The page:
There is interest in noninvasive devices that will improve the diagnosis of malignant skin lesions. One technique is dermatoscopy (dermoscopy, epiluminescence microscopy, in vivo cutaneous microscopy), which enables the clinician to perform direct microscopic examination of diagnostic features in pigmented skin lesions. Another approach is the use of computer-based light imaging systems. These techniques have the potential to improve diagnostic accuracy for suspicious skin lesions and may increase the detection rate of malignant skin lesions and/or reduce the rate of unnecessary biopsies.
Dermatoscopy, also known as dermoscopy, describes a family of noninvasive techniques that allow in vivo microscopic examination of skin lesions and is intended to help distinguish between benign and malignant pigmented skin lesions. The technique involves application of immersion oil to the skin, which eliminates light reflection from the skin surface and renders the stratum corneum transparent. Using a magnifying lens, the structures of the epidermis and epidermal-dermal junction can then be visualized. A handheld or stereomicroscope may be used for direct visual examination. Digitization of images, typically after initial visual assessment, permits storage and facilitates their retrieval, is often used for comparison purposes if a lesion is being followed over time.
A variety of dermatoscopic features have been identified that are suggestive of malignancy, including pseudopods, radial streaming, the pattern of the pigment network, and black dots. These features in combination with other standard assessment criteria of pigmented lesions, such as asymmetry; borders; and color, have been organized into algorithms to enhance the differential diagnosis of pigmented skin lesions. Dermatoscopic images may be assessed by direct visual examination or by review of standard or digitized photographs. Digitization of images, either surface or dermatoscopic images, may permit qualitative image enhancement for better visual perception and discrimination of certain features, or actual computer-assisted diagnosis.
Dermatoscopy is also proposed in the serial assessment of lesions over time and for defining peripheral margins prior to surgical excision of skin tumors.
Computer-based optical diagnostic devices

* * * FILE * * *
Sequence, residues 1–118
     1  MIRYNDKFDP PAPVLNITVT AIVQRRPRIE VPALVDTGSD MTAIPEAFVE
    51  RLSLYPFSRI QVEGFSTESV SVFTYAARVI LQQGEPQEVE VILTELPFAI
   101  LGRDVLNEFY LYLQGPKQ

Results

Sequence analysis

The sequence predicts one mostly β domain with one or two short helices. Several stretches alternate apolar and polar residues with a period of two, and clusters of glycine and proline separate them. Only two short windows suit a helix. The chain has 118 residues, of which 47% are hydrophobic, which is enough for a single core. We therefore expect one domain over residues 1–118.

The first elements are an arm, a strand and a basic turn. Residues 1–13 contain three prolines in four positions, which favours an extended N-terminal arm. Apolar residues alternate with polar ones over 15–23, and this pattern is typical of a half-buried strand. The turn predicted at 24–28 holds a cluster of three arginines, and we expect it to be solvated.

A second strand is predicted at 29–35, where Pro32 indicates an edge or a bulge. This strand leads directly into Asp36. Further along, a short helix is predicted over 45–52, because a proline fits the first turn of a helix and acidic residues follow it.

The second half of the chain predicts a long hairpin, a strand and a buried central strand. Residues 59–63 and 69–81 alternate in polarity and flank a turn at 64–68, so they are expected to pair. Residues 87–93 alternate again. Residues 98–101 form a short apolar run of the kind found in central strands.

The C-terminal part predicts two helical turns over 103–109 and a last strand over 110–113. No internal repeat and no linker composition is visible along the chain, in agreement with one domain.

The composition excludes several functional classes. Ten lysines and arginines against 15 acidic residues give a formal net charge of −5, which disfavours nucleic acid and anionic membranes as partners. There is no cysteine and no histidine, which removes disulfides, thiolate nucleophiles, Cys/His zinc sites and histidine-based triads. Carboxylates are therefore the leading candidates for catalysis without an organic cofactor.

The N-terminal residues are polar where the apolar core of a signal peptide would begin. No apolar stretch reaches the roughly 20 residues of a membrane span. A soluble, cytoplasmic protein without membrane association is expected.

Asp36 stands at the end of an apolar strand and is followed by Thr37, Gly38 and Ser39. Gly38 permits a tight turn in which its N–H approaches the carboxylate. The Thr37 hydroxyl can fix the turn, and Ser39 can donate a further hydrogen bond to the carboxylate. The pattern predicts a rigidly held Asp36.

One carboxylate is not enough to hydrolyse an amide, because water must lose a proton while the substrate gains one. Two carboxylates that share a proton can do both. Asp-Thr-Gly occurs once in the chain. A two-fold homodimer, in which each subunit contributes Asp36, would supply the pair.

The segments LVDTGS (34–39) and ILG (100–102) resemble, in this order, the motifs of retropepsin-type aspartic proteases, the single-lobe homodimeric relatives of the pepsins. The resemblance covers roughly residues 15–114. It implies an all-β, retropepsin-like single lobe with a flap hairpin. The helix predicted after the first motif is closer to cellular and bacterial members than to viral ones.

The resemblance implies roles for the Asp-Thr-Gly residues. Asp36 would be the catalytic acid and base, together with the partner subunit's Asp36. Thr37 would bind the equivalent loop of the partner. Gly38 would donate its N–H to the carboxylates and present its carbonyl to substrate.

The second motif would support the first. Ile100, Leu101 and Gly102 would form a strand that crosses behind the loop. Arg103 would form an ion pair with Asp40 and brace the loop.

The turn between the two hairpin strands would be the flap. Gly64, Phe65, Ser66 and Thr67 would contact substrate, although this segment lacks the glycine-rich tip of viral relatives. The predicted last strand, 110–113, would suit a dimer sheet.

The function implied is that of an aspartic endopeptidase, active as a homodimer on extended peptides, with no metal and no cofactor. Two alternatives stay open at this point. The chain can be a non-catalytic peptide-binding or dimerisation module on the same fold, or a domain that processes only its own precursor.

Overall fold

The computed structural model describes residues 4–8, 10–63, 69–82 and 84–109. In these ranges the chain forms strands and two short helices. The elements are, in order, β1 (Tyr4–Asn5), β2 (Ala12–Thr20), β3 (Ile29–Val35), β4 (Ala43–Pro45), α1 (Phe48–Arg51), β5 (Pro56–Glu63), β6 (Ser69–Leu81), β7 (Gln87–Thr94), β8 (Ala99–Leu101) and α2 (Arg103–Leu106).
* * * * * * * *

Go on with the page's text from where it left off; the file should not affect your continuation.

A U.S. Food and Drug Administration (FDA)-approved multispectral digital skin lesion analysis (MSDSLA) device uses a handheld scanner to shine visible light on the suspicious lesion. The light is of 10 wavelengths, varying from blue (430 nm) and near infrared (950 nm). The light can penetrate up to 2.5 mm under the surface of the skin. The data acquired by the scanner are analyzed by a data processor; the characteristics of each lesion are evaluated using proprietary computer algorithms. Lesions are classified as positive (i.e., high degree of morphologic disorganization) or negative (i.e., low degree of morphologic disorganization) according to the algorithms. Positive lesions are recommended for biopsy. For negative lesions, other clinical factors are considered in the decision of whether or not to refer to biopsy. The FDA-approved system (see additional details in the Regulatory Status section) is intended only for suspicious pigmented lesions on intact skin and for use only by trained dermatologists.
Dermatoscopic devices cleared by the U.S. Food and Drug Administration (FDA) include:
- Episcope™ (Welch Allyn, Inc., Skaneateles Falls, NY) approved in 1995; intended use is to illuminate body surfaces and cavities during medical examination.
- Nevoscope™ (TRANSLITE, Sugar Land, TX) approved in 1996; intended use is to view skin lesions by either illumination or transillumination.
- Dermascope™ (American Diagnostic Corp., Hauppauge, NY) approved in 1999; intended use is to enlarge images for medical purposes.
- MoleMax™ (Derma Instruments, Austria) approved in 1999; intended use is to enlarge images for medical purposes.
One computer-based optical imaging device has been cleared by the FDA:
MelaFind (MelaSciences, Inc. Irvington, NY) was approved in November 2011. Its intended use is to evaluate pigmented lesions with clinical or histological characteristics suggestive of melanoma. It is not intended for lesions with a diagnosis of melanoma or likely melanoma. MelaFind is intended for use only by physicians trained in the clinical diagnosis and management of skin cancer (i.e., dermatologists) and only those who have additionally successfully completed training on the MelaFind device. FDA documents further note:
“MelaFind is indicated only for use on lesions with a diameter between 2 mm and 22 mm, lesions that are accessible by the MelaFind imager, lesions that are sufficiently pigmented (i.e., not for use on non-pigmented or skin-colored lesions), lesions that do not contain a scar or fibrosis consistent with previous trauma, lesions where the skin is intact (i.e., non-ulcerated or non-bleeding lesions), lesions greater than 1 cm away from the eye, lesions which do not contain foreign matter, and lesions not on special anatomic sites (i.e., not for use on acral, palmar, plantar, mucosal, or subungual areas). MelaFind is not designed to detect pigmented non-melanoma skin cancers, so the dermatologist should rely on clinical experience to diagnose such lesions.”